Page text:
• Melee combat: Base attack bonus + Strength modifier + Charisma modifier (and must have relevant proficiencies)
    • Ranged combat: Base attack bonus + Dex modifier + Charisma modifier (and must have relevant proficiencies)
    • Defense and Tactics: Base attack bonus + higher of Int or Wis modifier + Charisma modifier
    • First Aid: Heal skill + Charisma modifier
    • Magical Defense: Make a check with a bonus equal to caster level + relevant ability modifier.


    A successful check means that they can put 1 point into that category. A failed roll means that they can retry in the same category at a cumulative +2 DC, or change categories (and someone else can take the bonus for that category if they want).

    During the Battle of Brindol, they can spend their points on NPCs as follows:

    Melee combat:

    * 1 point: +1 to hit / +1 damage on a single attack roll
    * 2 points: Grant the use of the Mobility feat for a single round
    * 3 points: Automatically confirm a threat
    Ranged combat:

    * 1 point: +1 to hit / +1 damage on a single attack roll
    * 2 points: +1 to the damage of a standard volley per archer (volleys as per Heroes of Battle)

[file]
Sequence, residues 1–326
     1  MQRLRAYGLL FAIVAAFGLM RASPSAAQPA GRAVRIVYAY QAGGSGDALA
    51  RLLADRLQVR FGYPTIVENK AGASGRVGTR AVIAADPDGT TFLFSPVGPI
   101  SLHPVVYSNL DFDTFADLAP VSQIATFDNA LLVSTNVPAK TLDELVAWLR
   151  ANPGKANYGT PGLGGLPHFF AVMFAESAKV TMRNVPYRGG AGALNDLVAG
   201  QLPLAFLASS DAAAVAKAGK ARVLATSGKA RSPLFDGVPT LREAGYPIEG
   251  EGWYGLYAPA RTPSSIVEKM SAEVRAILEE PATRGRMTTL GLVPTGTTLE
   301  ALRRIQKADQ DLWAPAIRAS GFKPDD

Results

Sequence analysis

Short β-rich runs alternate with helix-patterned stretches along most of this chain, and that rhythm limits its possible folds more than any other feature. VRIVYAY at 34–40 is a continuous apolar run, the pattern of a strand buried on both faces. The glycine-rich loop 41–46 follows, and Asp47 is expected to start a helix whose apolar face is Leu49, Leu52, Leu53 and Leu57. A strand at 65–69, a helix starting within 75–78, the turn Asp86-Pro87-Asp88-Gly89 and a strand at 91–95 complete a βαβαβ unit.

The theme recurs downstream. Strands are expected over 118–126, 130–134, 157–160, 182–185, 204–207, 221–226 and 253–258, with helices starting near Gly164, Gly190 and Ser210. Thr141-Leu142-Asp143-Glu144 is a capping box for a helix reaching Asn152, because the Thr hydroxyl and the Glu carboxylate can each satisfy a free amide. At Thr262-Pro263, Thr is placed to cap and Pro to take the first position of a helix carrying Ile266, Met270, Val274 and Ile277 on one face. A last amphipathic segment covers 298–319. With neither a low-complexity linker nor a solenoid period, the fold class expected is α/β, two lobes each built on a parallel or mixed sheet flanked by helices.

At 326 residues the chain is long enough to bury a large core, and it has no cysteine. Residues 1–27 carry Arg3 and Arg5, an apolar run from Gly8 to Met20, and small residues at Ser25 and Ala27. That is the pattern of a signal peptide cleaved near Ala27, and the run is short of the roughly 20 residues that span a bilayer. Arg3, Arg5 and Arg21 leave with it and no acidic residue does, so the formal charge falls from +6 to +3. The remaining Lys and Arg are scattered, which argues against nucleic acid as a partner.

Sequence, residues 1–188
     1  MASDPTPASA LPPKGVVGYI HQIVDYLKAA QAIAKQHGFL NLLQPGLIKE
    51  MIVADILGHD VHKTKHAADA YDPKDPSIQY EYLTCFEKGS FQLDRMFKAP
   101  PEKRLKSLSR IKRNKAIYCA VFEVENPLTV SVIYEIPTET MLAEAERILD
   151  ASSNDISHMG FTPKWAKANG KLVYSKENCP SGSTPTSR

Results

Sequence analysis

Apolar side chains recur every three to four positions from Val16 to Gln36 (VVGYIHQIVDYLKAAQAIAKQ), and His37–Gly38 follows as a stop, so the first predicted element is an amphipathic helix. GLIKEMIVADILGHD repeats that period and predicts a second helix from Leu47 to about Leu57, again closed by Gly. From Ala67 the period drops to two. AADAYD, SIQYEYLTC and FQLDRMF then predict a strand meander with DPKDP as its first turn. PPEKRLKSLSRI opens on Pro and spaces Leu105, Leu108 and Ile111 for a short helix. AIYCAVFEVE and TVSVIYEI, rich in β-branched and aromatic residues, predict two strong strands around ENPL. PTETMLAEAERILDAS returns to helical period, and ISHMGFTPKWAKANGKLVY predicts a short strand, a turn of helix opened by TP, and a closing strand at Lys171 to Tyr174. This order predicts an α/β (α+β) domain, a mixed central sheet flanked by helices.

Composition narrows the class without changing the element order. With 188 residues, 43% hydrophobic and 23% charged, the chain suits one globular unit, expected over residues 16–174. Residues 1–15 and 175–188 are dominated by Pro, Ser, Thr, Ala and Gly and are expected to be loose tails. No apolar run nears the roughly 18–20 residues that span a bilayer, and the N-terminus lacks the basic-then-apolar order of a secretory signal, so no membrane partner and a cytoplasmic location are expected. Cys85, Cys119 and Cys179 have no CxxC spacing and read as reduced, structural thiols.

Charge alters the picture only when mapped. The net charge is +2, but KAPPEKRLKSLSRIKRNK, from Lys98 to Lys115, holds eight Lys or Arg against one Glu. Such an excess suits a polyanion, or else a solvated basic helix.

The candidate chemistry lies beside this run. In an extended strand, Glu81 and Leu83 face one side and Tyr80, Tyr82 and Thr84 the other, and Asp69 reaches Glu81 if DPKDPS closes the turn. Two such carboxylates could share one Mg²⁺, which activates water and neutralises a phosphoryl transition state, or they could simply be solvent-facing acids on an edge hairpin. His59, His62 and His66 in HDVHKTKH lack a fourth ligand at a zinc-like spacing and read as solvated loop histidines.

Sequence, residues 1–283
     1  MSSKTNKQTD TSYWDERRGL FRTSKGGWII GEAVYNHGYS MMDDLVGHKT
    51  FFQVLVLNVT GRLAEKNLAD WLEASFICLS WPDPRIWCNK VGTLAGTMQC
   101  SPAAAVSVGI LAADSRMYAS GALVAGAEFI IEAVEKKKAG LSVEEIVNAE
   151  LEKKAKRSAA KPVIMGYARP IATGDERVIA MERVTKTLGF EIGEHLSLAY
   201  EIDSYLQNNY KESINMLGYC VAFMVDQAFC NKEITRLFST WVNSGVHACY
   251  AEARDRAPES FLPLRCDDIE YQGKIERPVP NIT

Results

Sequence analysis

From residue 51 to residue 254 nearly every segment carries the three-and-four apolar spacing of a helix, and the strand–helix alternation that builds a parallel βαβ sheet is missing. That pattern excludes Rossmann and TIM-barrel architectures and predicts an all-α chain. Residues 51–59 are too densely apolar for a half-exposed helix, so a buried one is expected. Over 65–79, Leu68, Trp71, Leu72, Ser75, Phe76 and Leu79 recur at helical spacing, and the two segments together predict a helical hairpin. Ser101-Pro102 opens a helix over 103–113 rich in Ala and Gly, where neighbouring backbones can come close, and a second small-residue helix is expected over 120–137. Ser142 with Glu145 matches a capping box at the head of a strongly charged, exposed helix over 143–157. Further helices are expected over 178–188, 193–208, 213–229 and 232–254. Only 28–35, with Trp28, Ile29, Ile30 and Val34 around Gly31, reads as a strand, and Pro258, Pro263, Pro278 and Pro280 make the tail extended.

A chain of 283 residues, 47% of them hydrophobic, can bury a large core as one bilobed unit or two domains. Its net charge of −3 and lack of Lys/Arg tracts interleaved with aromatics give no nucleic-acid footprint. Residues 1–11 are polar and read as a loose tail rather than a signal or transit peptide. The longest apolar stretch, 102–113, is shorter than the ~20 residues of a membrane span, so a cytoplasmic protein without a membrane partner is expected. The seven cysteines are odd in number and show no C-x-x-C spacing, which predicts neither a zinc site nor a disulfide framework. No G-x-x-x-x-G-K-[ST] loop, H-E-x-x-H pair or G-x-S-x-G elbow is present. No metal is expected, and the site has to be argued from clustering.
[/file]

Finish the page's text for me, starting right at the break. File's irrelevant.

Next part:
* 3 points: +1 to the damage of a concentrated volley per archer
    Defense and Tactics:

    * 1 point: Before a combat, mark a single square as filled with rubble (difficult terrain)
    * 2 points: Delay the arrival of enemy reinforcements for 1 round
    * 3 points: Before a combat, place a single 5-foot section of waist-high palisade
    First Aid:

    * 1 point: Automatically succeed on a single DC 15 heal check.
    * 2 points: An NPC gains the effects of Diehard for one round.
    * 3 points: A stabilized NPC is disabled instead of unconscious.
    Magical defense:

    * 1 point: Add +1 to any saving throw against a magical effect.
    * 2 points: An NPC gains the effects of Evasion or Mettle for a round.
    * 3 points: An NPC gains the effects of Improved Evasion or Improved Mettle for a round.

    The DCs are chosen so that a person skilled in that area should have about a 25% chance of making the check in a given day. Thus, if they're in Brindol for 20 days, they'll have an average of 25 or so points spread around. There are 5 main encounters in the Battle of Brindol, 3 of which involve NPCs prominently, so we're talking about 8 points per battle - that's enough for 2 or 3 cool things per battle.


    The Audience with the Lords
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    This is the meet-and-greet you do with Brindol's lords ahead of the battle, when you're deciding strategy. In passing: this is probably the big roleplaying opportunity of the adventure. You should be pulling your hardest to make the party care about your NPCs in this meeting. There are three big problems with the encounter as written: